“It’s like the monkey off our back, especially against Cortland,” Sbrocchi said. “This is a pretty big win for us, 2-1 on the score board, I felt like it should’ve been a couple more but we got the (win) so that’s what matters.”
Seamont had a breakout game for the Lakers, earning the game winning goal and an assist. She was also named the ECAC West Player of the Week.
“Last year we had (Seamont) on a wing,” Dillon said. “We moved her back into the middle this year and that’s where she’s gonna stay. She has a lot more freedom, she’s using her speed, she’s playing with more confidence than ever before.”
Seamont said her new line mates were a big part of why she had a great game.
“Finally we can score. I like playing with (Lee) and (Gilpin) because they are both grinders.” Seamont said. “We practiced cycling, calling and communicating so it was good to get practicing with them within the game.”
Dillon was pleased with the way her team improved between games both offensively and defensively.
“I thought today our defensemen played exceptionally well,” Dillon said. “They played the puck well and they won the battles in our corner. We really looked at how we were handling the puck in the offensive zone and tried to clean that up and obviously it paid off for us.”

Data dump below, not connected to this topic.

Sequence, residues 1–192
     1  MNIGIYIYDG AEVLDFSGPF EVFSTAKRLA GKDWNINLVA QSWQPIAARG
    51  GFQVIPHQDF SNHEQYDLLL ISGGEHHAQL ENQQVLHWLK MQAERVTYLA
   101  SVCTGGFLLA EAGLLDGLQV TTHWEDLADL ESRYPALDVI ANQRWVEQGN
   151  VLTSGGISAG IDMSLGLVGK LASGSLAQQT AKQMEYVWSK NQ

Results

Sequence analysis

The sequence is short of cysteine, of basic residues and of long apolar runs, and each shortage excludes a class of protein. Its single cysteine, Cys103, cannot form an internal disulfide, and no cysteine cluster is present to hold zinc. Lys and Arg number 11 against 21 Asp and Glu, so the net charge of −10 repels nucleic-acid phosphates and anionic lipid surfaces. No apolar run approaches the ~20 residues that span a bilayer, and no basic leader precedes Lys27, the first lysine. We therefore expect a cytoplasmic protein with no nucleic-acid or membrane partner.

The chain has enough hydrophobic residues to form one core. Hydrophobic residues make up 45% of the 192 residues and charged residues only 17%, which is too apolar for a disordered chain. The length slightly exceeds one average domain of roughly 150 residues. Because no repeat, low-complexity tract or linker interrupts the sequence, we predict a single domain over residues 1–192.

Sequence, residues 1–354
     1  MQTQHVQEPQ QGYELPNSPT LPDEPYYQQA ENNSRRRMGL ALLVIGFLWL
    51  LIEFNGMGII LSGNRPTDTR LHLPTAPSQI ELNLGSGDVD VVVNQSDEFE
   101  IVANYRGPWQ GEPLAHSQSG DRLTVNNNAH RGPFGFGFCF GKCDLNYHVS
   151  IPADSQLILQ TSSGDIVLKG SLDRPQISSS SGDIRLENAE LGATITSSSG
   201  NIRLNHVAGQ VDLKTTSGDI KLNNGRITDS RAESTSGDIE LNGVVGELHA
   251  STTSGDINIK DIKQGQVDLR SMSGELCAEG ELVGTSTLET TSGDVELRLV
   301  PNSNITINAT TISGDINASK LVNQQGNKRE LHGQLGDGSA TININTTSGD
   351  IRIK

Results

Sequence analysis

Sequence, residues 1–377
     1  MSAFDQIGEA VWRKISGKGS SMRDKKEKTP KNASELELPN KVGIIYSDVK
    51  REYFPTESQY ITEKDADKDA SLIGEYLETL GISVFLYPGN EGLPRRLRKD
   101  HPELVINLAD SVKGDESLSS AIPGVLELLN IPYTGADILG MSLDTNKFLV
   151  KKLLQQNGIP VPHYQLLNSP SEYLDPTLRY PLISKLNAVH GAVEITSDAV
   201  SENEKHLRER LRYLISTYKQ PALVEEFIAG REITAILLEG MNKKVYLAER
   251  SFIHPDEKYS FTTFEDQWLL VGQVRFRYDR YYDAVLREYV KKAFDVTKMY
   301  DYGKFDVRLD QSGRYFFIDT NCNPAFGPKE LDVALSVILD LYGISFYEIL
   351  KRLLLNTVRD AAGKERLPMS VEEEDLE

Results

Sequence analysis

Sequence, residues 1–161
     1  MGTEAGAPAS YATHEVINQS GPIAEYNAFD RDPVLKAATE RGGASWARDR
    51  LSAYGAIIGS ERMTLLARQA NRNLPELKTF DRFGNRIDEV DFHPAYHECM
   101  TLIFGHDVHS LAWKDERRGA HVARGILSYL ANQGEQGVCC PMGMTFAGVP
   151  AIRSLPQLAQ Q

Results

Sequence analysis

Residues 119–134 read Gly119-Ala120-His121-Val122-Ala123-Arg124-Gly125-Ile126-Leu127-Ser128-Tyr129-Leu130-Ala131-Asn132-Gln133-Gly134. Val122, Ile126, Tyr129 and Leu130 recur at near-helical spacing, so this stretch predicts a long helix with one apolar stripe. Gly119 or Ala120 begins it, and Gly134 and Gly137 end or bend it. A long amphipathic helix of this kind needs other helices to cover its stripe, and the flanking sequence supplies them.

Penalties were a problem for the Lakers in both games, which is something Dillon says she hopes she has a solution for.
“The team is going to be paying the consequence,” Dillon said. “We’re going to basically run …for the average of (the penalties). It works for the men’s team there’s no reason it can’t work for us.”
Now the Lakers believe that with their first win under their belt they can prove they are a team that belongs at the top of the ECAC West standings.
“This is what we needed,” Seamont said. “This game is gonna set the tone for the rest of the year.”
“If we truly want to separate ourselves from the lower half of this league and call ourselves an elite team we have to prove it,” Dillon said. “We are done talking about it.”